Inside the Classroom: Family Systems in Ministry

Written by Kristina Alvarado
March 19, 2015

It is early Monday morning and the Family Systems in Ministry class is settling in as Dr. Cobb holds up her morning coffee cup and asks the class: ?What is this?? Students begin to offer up the first words that come to mind: coffee, cup, Starbucks, comforting, treat, corporate. She then poses the question: ?Who is right??

This is her introduction to the theory of the day?Narrative Therapy. Narrative therapy is a post-modern therapeutic model that validates multiple experiences of reality, values the individual?s lived experience, and encourages an individual to reimagine their own narrative in a way that validates his or her experience. It is just one of the many systems theories the class has covered over the course of the Winter Quarter.

The course, "Family Systems in Ministry," is a School of Theology and Ministry offering at Seattle University that introduces students to family systems' theories of change. The class is required for the school's Master of Arts in Relationship & Pastoral Therapy (a couples and family therapy program), but draws students from other school and university degree programs. This Winter Quarter, the class has been made up of students from programs including the MA in Relationship & Pastoral Therapy, Master of Divinity-Chaplaincy specialization, MA in Pastoral Studies, and SU College of Education?s MA in Student Development Administration. Students have come with professional experiences in hospital chaplaincy, in-patient treatment, military service, elder care, corporate project management, higher education and student affairs, and many other backgrounds.

Regardless of their disciplines of study and future vocations, the course offers students a rich understanding of the dynamics of the family systems they will most certainly encounter in their work. The course intentionally helps students identify the major assumptions and concepts associated with each of the major models of family therapy--conceptualizing individuals, couples, families, and larger systems (e.g., places of worship) from a systemic perspective. Equipped with a nuanced understanding of family systems theories, each student develops a sense of their own theoretical orientation as it relates to the treatment, care, and ministry of individuals, couples, and families.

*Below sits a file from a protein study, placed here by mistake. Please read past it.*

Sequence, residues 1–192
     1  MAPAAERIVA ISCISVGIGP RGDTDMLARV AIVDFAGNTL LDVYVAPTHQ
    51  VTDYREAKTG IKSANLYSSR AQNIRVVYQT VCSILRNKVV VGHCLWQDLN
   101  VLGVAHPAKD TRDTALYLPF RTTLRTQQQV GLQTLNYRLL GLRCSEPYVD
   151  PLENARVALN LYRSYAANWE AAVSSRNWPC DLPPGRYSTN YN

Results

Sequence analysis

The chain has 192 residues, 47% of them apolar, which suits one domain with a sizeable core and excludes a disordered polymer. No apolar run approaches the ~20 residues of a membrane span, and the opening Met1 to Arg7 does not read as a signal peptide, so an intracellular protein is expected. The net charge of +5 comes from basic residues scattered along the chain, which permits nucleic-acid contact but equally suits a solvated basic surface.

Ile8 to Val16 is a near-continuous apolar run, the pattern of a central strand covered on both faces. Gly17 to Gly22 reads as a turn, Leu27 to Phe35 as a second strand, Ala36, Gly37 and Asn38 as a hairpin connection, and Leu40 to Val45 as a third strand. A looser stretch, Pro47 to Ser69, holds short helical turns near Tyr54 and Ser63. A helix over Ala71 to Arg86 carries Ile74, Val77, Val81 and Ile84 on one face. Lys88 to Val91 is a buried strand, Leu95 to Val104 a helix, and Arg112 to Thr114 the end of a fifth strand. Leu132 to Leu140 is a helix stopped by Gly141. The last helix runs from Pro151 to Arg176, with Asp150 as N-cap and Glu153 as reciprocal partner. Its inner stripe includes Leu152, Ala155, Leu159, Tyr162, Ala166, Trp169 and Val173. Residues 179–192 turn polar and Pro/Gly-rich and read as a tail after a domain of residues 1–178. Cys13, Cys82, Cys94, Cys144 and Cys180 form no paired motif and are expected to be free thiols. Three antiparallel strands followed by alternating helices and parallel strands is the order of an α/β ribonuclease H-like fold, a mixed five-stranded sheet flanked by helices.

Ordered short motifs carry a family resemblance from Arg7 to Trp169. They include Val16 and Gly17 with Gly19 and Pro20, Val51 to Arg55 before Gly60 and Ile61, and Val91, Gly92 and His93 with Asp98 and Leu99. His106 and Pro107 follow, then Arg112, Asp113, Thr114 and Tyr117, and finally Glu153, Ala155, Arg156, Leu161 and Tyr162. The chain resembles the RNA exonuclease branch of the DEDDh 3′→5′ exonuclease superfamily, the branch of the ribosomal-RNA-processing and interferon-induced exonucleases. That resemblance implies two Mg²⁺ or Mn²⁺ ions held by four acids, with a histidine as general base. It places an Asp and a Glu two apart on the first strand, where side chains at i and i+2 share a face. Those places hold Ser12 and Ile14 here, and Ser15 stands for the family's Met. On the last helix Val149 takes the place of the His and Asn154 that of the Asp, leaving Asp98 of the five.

Dr. Rebecca (Becky) Cobb?a Licensed Marriage and Family Therapist (LMFT) and Clinical Coordinator for the school?s Relationship & Pastoral Therapy program?teaches this course, having joined the School of Theology and Ministry faculty and administration this academic year from Florida State University. Adjunct faculty, Dr. Jeney Park Hearn, supports the learning environment as guest lecturer throughout the quarter, bringing her direct experience in pastoral counseling and ministerial work. ?Throughout the course, Dr. Cobb proposes that in order to gain a complete understanding of the individual, it is necessary to have an understanding of the individual within context of his or her family system.

Each week students grapple with a different theoretical perspective, working to gain a more full and nuanced picture of the model. The class engages with the theory in question through texts, discussions, role play, and other experiential activities in order to illuminate its main tenets. Dr. Cobb appreciates the collaborative, integrative, curious learning environment the class has developed. She comments: ?The students in this class put in a considerable amount of time, energy, critical thought, and hard work. They are creative, thoughtful, insightful, and fun! In addition, they are gentle and supportive of one another throughout the learning process. I appreciate time spent with each and every student in this course. This class has truly been a joy to teach!?

The snapshot of this one class offering is a great picture of how Seattle University?s School of Theology and Ministry has reimagined a couples and family therapy program?one ?that addresses clients as whole people within their relational and belief systems. Students are challenged to think critically about the origins, creator, assumptions, interventions, and goals of each theoretical framework, while talking through how the theory comes to life in client scenarios. Through this and other courses addressing theory in action, the Master of Arts in Relationship & Pastoral Therapy program prepares future couples and family therapists for their work in a variety of contexts, while also preparing students for the state licensure exam.

For more information on the MA in Relationship & Pastoral Therapy, a couples and family therapy program, click here.

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